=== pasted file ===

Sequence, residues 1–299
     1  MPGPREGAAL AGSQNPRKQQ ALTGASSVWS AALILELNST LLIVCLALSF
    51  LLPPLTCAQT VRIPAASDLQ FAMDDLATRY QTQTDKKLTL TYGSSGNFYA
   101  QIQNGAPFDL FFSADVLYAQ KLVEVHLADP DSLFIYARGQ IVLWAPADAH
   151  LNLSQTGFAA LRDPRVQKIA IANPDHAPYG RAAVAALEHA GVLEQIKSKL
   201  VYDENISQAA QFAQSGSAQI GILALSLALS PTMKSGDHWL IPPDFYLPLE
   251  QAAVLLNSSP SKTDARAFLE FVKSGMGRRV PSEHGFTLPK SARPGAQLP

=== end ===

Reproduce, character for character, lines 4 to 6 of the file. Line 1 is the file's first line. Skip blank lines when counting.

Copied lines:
   101  QIQNGAPFDL FFSADVLYAQ KLVEVHLADP DSLFIYARGQ IVLWAPADAH
   151  LNLSQTGFAA LRDPRVQKIA IANPDHAPYG RAAVAALEHA GVLEQIKSKL
   201  VYDENISQAA QFAQSGSAQI GILALSLALS PTMKSGDHWL IPPDFYLPLE